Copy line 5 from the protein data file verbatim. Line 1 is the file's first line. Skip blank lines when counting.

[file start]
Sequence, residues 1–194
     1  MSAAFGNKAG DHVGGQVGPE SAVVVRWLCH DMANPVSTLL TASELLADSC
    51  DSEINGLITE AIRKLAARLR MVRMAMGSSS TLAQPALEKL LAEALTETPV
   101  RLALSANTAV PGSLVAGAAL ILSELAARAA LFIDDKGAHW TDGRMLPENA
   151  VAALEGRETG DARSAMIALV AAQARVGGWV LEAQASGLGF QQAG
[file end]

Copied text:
   151  VAALEGRETG DARSAMIALV AAQARVGGWV LEAQASGLGF QQAG